Shift workers do not develop prostate cancer more frequently than their colleagues who work during the day, according to a study recently published in Dtsch Arztebl International (2015; doi:10.3238/arztebl.2015.0463).

As well as the daily strain of their working lives, shift workers are probably also more likely than other people to develop cancer. Although this has been well described for breast cancer, few studies had previously examined the correlation between shift work and prostate cancer.

Shift work is widespread, approximately 1 in 5 to 1 in 6 of the working population work shifts. The authors evaluated the personnel and health data of almost 28,000 employees of a chemical company in Rhineland-Palatinate between 1995 and 2005. Workers who had worked at least 1 year in a chemical company during those years were included.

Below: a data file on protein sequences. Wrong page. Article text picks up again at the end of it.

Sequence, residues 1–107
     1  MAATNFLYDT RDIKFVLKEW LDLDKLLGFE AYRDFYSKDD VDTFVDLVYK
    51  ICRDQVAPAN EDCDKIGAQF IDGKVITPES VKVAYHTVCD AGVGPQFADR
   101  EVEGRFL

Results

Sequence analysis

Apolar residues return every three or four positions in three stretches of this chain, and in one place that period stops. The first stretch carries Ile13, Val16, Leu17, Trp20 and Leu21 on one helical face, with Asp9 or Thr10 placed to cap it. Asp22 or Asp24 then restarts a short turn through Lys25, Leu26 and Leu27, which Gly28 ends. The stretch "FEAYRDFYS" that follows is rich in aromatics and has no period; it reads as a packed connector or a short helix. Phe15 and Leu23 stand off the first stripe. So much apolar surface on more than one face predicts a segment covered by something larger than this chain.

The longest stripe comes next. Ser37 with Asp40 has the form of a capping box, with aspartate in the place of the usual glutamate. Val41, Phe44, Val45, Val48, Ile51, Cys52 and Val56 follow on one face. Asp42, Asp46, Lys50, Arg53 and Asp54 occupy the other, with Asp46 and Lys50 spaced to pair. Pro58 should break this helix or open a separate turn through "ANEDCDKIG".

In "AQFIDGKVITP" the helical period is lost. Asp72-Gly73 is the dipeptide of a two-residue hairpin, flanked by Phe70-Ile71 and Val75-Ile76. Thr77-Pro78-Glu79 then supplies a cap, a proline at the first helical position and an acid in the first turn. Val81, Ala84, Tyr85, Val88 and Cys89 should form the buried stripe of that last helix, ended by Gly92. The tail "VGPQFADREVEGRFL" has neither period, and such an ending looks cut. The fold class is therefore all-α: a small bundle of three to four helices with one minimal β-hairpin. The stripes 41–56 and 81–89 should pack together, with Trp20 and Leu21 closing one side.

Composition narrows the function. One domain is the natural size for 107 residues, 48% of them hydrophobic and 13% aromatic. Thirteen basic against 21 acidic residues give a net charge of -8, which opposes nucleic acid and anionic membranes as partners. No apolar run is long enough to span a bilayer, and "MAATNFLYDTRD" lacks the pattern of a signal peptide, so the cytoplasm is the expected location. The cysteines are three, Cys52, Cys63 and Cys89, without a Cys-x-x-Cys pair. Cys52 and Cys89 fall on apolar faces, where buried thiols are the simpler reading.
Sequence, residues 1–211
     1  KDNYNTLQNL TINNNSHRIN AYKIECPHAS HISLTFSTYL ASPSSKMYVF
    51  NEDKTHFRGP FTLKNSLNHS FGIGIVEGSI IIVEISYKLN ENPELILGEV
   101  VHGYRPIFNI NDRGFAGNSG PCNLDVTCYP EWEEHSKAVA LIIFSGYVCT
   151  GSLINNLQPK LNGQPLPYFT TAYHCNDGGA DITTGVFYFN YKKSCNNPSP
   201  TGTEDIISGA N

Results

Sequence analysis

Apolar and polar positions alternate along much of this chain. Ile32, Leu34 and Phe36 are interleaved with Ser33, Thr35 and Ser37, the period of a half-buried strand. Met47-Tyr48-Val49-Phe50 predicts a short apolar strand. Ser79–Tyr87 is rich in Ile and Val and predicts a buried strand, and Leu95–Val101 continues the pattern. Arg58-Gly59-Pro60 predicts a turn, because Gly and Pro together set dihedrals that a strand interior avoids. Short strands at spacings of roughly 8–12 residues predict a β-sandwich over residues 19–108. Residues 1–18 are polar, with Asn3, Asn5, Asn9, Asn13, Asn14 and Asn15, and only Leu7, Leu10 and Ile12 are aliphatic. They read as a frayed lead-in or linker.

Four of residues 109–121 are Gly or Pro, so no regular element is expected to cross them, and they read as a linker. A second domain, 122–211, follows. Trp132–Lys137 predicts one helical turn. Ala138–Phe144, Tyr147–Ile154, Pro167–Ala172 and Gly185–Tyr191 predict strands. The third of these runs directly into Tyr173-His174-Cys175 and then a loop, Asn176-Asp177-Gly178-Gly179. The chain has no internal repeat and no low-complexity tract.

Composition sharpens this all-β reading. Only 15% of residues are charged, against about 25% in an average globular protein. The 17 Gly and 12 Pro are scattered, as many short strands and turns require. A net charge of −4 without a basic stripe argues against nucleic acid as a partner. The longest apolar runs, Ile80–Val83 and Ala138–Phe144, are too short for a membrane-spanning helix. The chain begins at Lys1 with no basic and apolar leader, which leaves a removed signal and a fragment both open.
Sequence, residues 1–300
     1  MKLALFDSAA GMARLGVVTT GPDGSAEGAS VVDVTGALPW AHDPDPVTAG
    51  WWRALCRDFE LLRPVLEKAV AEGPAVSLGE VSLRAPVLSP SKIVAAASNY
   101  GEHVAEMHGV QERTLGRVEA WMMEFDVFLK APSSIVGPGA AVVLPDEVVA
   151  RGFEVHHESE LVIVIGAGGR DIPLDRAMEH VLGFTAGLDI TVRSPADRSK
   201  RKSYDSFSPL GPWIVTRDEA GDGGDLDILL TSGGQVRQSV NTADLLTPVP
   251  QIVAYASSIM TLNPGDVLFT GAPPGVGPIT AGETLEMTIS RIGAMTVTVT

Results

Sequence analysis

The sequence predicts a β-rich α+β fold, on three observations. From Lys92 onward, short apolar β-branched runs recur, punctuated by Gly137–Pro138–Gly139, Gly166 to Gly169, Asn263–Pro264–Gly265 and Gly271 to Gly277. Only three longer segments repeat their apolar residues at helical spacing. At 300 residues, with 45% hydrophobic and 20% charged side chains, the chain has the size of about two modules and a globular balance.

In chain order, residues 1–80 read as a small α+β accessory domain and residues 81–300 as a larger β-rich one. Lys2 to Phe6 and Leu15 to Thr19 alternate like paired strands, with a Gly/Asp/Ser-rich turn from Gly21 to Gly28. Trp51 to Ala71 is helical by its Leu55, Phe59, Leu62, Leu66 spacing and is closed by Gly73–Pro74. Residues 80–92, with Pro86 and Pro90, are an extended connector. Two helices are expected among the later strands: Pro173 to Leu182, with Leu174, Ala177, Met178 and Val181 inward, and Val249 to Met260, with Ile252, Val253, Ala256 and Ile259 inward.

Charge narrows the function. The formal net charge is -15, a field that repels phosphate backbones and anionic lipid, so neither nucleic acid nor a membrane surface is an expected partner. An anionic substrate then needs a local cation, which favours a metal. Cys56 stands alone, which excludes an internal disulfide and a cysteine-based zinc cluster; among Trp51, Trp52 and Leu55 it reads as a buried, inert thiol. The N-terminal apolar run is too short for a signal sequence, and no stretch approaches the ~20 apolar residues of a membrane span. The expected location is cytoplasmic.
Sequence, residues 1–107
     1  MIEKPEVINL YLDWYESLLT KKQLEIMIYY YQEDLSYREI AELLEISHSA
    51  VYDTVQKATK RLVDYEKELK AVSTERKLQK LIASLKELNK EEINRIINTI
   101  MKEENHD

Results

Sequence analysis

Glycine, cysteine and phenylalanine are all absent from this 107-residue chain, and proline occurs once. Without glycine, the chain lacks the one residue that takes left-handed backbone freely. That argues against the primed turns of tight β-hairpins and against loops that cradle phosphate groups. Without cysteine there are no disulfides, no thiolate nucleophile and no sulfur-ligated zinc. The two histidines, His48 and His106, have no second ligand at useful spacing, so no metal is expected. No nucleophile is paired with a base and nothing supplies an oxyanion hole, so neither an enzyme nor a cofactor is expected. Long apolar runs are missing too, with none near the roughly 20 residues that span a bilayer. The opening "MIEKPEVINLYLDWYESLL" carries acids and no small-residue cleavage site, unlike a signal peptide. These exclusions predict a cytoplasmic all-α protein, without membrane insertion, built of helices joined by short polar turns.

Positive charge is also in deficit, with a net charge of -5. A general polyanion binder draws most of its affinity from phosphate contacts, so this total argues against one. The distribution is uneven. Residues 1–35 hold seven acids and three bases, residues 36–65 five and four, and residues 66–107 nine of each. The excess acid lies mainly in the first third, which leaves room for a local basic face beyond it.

Approximately 340 of the workers developed prostate cancer, but these included comparable numbers of shift and day workers. This study therefore contradicts the findings of smaller studies, with fewer participants, on the same subject. However, the authors emphasize that their study was the first to analyze the effect of shift work on prostate cancer including such a large number of participants with well documented data.

“This is the largest cohort study on the risk of prostate cancer in shift and daytime workers to date,” concluded the authors. They also stated the importance of further follow-up of incidence rates in this relatively young population.

The study was led by Gael P. Hammer, DrPH, of the Laboratoire National de Santé in Luxembourg.